Unpacking social metrics in ESG reporting for real estate: Challenges and solutions for fund managers

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Our industry is engaged in an important dialogue to improve sustainability through ESG transparency and industry collaboration. This article is a contribution to this larger conversation and does not necessarily reflect GRESB’s position.

In ESG investing, the social dimension often presents unique challenges, especially for real estate fund managers. As the focus on ESG grows with new regulations, so does the need to accurately track, analyze, and report social metrics. However, the inherent complexity of these metrics, coupled with the lack of standardized benchmarks and certifications, poses significant hurdles.

This article explores social metrics critical for real estate ESG reporting, specifically those aligned with frameworks like CSRD, SFDR, GRESB, and GRI, and provides practical solutions for overcoming reporting challenges.

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Social metrics in real estate

Social metrics in real estate ESG reporting encompass various factors impacting the well-being of individuals and communities. These include:

  • Community impact: Contributions to local economies and community engagement initiatives can significantly enhance the social value of real estate investments. By supporting local businesses and participating in community projects, properties become integral parts of their neighborhoods. This creates a positive reputation and can lead to increased demand, higher occupancy rates, and potentially higher property values. Investors can see long-term benefits as properties within vibrant, engaged communities often experience more stable returns.
  • Tenant and occupant health and well-being: Indoor air quality, access to amenities, and safety standards. Properties with high tenant and occupant health standards attract and retain tenants who are more willing to pay a premium, contributing to the overall value of the property. At Scaler, we are experiencing this ourselves as tenants of the Edge Stadium building. The building’s focus on health and well-being is crucial to our culture and aligns with our health and well-being goals, demonstrating the tangible benefits of such environments.
  • Social stability: Investors have the opportunity to target specific market segments that struggle to find suitable real estate, such as social workers in expensive cities. A notable example is the Impact Fund of Bouwinvest, which focuses on adding and preserving affordable care-related homes in the social and low-middle rental segment in the Netherlands. This fund aims to provide housing for groups who find it difficult to secure a home, thereby enhancing social stability and fulfilling a critical societal need.
  • Labor practices: Effective labor practices, including employee diversity, fair wages, and good working conditions, are crucial for fostering a positive and productive workforce. High levels of employee engagement can lead to better property management and maintenance, which in turn enhances tenant satisfaction and property value. Investors benefit from a stable and motivated workforce that ensures the long-term success and sustainability of their real estate assets.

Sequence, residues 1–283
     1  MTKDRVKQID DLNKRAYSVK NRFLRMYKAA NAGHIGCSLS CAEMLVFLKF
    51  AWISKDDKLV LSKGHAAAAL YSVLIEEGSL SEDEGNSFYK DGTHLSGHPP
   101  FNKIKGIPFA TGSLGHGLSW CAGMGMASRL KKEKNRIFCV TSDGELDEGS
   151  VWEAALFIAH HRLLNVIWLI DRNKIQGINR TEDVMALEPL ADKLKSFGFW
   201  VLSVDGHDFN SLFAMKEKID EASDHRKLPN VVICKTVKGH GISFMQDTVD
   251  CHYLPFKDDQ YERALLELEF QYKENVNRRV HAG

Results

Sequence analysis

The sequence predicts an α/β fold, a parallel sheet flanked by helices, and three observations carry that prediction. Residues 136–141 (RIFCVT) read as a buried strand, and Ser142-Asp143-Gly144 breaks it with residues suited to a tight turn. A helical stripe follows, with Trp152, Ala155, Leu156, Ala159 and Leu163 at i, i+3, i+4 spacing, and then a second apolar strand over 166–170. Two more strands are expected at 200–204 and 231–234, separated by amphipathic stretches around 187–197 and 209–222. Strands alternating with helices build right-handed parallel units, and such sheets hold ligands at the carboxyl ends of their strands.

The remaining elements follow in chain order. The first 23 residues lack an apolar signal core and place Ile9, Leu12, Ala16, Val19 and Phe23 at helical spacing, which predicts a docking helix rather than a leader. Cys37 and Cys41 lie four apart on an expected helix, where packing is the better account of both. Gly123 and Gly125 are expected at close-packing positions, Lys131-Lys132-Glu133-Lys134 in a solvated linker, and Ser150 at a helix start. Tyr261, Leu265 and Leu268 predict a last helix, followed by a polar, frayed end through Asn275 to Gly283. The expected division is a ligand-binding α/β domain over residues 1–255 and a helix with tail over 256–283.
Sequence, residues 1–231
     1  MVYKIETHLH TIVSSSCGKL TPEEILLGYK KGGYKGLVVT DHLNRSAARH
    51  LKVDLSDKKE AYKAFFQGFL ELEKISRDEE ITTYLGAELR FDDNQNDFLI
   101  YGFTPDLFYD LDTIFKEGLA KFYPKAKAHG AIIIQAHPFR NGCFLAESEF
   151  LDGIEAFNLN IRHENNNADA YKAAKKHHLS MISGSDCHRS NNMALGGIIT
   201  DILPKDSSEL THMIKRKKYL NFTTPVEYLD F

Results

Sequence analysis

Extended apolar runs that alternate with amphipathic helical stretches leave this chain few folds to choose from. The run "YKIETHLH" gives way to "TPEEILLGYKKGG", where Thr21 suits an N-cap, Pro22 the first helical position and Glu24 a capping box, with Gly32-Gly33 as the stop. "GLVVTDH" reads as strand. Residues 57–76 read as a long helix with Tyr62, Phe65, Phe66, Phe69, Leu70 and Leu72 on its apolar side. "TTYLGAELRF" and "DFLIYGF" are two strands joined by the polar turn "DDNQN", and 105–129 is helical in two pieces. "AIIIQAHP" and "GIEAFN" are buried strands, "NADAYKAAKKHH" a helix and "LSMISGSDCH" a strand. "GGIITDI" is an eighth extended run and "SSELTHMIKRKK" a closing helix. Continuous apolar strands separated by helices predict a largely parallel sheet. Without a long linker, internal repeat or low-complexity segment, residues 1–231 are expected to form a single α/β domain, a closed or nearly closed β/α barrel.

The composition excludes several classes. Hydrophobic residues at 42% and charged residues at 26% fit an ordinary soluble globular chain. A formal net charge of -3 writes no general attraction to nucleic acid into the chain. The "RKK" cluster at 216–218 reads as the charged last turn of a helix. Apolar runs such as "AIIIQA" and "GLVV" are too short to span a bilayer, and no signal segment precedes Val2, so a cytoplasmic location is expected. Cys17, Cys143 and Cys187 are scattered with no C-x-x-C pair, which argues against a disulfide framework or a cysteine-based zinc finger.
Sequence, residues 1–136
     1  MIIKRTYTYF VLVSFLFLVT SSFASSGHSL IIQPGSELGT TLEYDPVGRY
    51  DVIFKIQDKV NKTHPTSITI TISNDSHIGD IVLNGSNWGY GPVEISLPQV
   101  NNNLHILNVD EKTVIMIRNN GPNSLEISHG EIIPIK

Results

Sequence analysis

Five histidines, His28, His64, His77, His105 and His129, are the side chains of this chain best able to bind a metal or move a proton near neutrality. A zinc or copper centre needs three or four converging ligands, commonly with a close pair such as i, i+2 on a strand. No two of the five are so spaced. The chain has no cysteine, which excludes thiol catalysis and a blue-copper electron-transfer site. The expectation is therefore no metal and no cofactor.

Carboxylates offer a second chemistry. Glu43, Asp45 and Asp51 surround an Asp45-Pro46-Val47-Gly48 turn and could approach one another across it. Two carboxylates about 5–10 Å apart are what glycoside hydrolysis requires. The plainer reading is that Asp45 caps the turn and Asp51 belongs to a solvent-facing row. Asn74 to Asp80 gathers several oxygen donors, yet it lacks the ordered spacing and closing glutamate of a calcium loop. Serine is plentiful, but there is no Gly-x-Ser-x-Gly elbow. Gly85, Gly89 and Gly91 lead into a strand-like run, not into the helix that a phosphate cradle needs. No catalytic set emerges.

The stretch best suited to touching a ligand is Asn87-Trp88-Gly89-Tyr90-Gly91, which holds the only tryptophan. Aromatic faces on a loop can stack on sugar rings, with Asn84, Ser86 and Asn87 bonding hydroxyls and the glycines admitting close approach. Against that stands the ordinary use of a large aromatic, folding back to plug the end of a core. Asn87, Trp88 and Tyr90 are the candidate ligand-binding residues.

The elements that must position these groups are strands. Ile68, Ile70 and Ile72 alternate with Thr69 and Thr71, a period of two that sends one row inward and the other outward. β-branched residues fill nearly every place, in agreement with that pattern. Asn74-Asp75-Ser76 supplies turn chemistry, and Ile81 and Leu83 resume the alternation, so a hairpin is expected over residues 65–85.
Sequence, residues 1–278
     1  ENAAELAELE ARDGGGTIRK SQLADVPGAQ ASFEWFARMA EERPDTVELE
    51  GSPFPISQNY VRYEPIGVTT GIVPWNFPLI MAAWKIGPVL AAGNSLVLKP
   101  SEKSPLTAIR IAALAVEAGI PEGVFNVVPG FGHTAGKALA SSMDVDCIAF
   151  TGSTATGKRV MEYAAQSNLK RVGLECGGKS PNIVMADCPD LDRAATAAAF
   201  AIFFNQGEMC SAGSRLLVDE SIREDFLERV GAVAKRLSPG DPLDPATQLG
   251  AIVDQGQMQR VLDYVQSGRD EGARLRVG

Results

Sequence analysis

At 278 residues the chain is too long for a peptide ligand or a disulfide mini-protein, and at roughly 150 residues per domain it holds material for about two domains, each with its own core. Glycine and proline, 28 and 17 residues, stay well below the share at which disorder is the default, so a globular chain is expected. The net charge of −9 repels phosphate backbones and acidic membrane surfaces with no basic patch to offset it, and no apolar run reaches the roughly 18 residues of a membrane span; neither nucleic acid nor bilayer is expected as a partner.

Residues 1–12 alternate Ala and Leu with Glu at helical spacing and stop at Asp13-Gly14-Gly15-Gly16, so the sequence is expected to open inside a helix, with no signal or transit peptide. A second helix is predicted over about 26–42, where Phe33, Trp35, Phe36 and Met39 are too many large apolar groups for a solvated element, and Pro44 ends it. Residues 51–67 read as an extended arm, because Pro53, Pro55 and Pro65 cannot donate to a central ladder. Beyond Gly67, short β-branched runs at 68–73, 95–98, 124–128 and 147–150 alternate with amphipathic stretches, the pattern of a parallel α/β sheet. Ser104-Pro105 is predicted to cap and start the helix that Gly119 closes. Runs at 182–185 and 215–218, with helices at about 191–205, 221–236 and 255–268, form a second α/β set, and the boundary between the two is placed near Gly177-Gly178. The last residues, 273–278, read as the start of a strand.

• Human rights: Policies against discrimination, forced labor, and child labor. Investors can enhance their human rights efforts by aligning with the EU Taxonomy where they must comply with minimum safeguards. This can be achieved by:
    • Policy development: Identifying relevant topics and integrating them into policies based on Regulation requirements.
    • Compliance framework: Documenting due diligence, assessment, and monitoring to provide evidence for assurance and other compliance checks.

These metrics not only influence the social performance of the company itself but also the performance and value of the managed buildings. All real estate assets are, in some way, affected by social factors. Properties are more valuable if surrounded by vibrant communities, with healthy and financially stable occupants, and where they respond to the needs of society. Real estate investments with socially positive attributes can provide performance advantages to investors in several ways, including risk mitigation, value creation, and accountability and compliance.

Challenges in defining and quantifying social metrics

  1. Ambiguity in definition: Social metrics are often abstract and multifaceted, making them hard to define. Unlike environmental metrics, which can be measured in tangible units like carbon emissions, social metrics involve qualitative aspects like community well-being and employee satisfaction.
  2. Data collection: Gathering accurate data from various sources within the company and across managed buildings can be daunting. This includes tenant feedback, community surveys and employee reports.